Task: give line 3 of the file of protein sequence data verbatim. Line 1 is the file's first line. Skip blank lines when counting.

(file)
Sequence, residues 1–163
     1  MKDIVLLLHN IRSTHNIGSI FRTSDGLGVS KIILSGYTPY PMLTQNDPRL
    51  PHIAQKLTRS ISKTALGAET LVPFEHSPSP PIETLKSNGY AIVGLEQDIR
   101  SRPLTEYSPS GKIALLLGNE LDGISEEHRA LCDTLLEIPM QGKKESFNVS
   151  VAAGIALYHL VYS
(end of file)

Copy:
    51  PHIAQKLTRS ISKTALGAET LVPFEHSPSP PIETLKSNGY AIVGLEQDIR